Supreme Court

Justice Eugene A. Cook, 1938-2020 


Contact: Osler McCarthy
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Former Justice Eugene A. Cook III, called the father of legal professionalism in Texas, has died after a long illness. He was 82.

Cook served on the Texas Supreme Court from September 1988 until the end of 1992.

As chair of the Supreme Court’s Committee on Professionalism, created at his urging in 1989, he led drafting of the Texas Lawyer’s Creed. Both the Supreme Court and Texas Court of Criminal Appeals adopted the creed in November 1989, making Texas the first state to adopt such principles to govern its lawyers’ conduct.

“Lawyer bashing is a national pastime … ,” Cook wrote for the 20th anniversary of the creed’s adoption. “Despite these insults, I am proud to be a lawyer. I know what many members of the public apparently do not — that history is filled with generations of lawyers who, like those that Shakespeare’s Dick the Butcher would kill, have stood against tyranny to build a free society.

For Cook’s efforts bolstering professionalism and legal ethics, the underlying values of the creed, the American Inns of Court presented him the Lewis F. Powell Jr. Award for Professionalism and Ethics and the Texas Bar Foundation its Lola Wright Foundation Award. The Texas Center for Legal Ethics and Professionalism honored him with a distinguished professionalism award in 1990.

In 2011 the Freedoms Foundation of Valley Forge, Pennsylvania, awarded Cook the George Washington Honor Medal. And in 2018 the Houston Bar Association established the Justice Eugene A. Cook Professionalism Award and named Justice Cook its first recipient in 2019.

“While Justice Cook served as a member of the Supreme Court only a little over four years, he made a lasting contribution to the legal profession in Texas with his authorship and advocacy of the Texas Lawyer’s Creed,” Chief Justice Nathan L. Hecht said. “The Creed was autobiographical in that it described Gene as a lawyer and justice.”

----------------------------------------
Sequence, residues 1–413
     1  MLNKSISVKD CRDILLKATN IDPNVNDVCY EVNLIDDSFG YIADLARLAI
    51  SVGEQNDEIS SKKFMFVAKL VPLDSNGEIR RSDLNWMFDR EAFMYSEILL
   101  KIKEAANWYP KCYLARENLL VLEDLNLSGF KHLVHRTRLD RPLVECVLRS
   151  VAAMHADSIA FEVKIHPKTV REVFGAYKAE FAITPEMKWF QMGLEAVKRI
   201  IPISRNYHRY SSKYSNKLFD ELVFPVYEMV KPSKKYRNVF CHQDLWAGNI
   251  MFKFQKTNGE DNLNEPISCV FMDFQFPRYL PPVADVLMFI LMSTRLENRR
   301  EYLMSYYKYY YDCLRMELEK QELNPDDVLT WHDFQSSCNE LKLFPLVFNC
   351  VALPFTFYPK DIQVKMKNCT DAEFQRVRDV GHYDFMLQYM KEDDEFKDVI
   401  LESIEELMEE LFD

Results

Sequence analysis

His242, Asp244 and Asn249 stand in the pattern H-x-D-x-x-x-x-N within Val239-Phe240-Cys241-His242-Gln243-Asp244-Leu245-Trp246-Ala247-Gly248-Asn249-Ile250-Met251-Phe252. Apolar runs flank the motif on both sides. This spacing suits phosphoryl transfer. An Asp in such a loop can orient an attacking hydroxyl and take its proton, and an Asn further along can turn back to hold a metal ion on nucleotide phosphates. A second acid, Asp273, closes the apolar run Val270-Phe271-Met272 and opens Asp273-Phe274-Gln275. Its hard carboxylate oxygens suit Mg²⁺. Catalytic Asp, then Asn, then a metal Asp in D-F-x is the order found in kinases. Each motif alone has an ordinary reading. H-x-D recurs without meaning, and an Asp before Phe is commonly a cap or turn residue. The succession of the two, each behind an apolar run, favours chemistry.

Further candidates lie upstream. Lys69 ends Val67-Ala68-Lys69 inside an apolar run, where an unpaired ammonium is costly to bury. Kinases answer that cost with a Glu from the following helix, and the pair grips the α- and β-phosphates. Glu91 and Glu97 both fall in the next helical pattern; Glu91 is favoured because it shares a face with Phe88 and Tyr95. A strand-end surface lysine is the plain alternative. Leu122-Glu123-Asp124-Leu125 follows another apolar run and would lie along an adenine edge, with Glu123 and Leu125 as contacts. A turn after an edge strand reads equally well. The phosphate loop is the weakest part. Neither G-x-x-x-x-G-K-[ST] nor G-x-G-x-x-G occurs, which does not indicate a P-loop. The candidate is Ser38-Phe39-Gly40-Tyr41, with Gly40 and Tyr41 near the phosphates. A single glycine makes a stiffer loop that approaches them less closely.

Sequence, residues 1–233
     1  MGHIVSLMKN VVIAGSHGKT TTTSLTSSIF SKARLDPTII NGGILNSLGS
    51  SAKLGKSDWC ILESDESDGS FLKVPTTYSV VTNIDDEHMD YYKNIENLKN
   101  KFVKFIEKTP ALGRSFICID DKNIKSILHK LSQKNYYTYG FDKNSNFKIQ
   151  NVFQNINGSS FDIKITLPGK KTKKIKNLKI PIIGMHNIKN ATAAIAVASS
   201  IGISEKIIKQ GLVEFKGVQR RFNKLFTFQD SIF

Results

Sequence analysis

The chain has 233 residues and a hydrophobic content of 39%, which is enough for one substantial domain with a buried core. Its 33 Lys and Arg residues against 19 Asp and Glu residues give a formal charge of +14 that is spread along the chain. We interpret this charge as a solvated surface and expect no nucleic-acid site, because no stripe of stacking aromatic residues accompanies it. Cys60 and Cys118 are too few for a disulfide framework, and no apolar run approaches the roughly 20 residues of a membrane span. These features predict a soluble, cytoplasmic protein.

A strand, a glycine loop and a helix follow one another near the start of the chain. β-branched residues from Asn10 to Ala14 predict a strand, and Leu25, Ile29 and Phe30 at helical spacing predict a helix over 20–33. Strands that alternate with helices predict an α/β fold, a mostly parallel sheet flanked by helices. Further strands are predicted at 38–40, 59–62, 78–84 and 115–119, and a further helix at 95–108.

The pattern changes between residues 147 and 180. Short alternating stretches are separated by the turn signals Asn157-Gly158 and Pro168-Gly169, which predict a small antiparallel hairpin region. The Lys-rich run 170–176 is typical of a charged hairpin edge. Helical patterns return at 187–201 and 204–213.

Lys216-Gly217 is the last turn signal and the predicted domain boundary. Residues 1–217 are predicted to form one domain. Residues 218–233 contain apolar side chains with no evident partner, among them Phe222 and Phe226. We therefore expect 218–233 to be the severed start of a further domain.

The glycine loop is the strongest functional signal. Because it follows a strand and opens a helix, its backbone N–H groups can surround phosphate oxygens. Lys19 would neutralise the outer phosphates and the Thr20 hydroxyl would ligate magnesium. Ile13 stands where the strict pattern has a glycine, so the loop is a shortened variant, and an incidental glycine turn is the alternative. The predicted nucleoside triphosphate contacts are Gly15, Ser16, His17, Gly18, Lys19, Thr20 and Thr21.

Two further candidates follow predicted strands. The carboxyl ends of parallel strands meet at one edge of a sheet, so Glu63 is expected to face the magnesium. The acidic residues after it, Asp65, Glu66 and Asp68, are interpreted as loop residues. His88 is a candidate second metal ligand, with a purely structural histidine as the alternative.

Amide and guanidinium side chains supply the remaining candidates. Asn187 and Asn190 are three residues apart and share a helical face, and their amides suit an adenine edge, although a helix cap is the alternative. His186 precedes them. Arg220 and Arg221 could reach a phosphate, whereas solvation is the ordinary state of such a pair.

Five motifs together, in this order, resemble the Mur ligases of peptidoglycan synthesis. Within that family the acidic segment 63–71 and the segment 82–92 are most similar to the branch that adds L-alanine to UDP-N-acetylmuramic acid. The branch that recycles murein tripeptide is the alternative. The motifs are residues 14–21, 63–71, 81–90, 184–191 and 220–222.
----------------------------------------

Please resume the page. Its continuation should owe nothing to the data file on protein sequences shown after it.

Born Eugene Augustus Cook III on May 2, 1938, in Houston, he graduated from Houston’s Milby High School and earned a bachelor’s degree in accounting in 1961 from the University of Houston and his law degree from the University of Houston Law Center in 1966. In 1992 he earned a master’s degree in judicial process from the University of Virginia School of Law.

After law school he joined Houston’s Butler & Binion firm in 1966, focusing on civil litigation and family law. In 1985 he formed his own firm, Cook Davis & McFall, where he served as managing partner.

Then-Governor Bill Clements appointed Cook to the Texas Supreme Court in August 1988. He won statewide election on November 8 of that year but was defeated in 1992 by Rose Spector, the first woman elected to the Court. He returned to Houston as senior partner at what was then Bracewell & Patterson and led its appellate practice group. He retired from Bracewell in 2002.

“Gene Cook loved the law and the legal profession,” former Chief Justice Thomas R. Phillips said.

“His contributions to professional ethics and integrity have improved the delivery of legal services in this state for a generation and their impact will be felt for generations to come.”

Houston lawyer Warren Harris, one of Justice Cook’s first law clerks, remembers Cook’s pride in being a lawyer. “And he sincerely meant it,” Harris said. “He worked his entire career to bolster the public’s perception of the legal profession. Justice Cook also enjoyed mentoring young lawyers, and he was always willing to give advice and help young lawyers in any way he could.”

Gene Cook married Sondra Attaway in 1968. Survivors include his wife and two children.

He died Sunday in Richmond, Texas. A memorial service will be planned next year, Harris said.

The Texas Lawyer’s Creed, a mandate for professional conduct, begins: “I am licensed by the Supreme Court of Texas. I must therefore abide by the Texas Disciplinary Rules of Professional Conduct, but I know that professionalism requires more than merely avoiding the violation of laws and rules. I am committed to this creed for no other reason than it is right.”

“It is true that we can’t, standing alone, change the world,” Cook once said. “We can however make the world a better place. Success doesn’t mean having the largest home or fanciest automobile. Success is measured by many intangible facets of our lives. Learn to laugh often, earn the respect of others, and find beauty in a bluebird or cardinal sitting in a tree. If the path for one human being has been made easier, then you are a success.”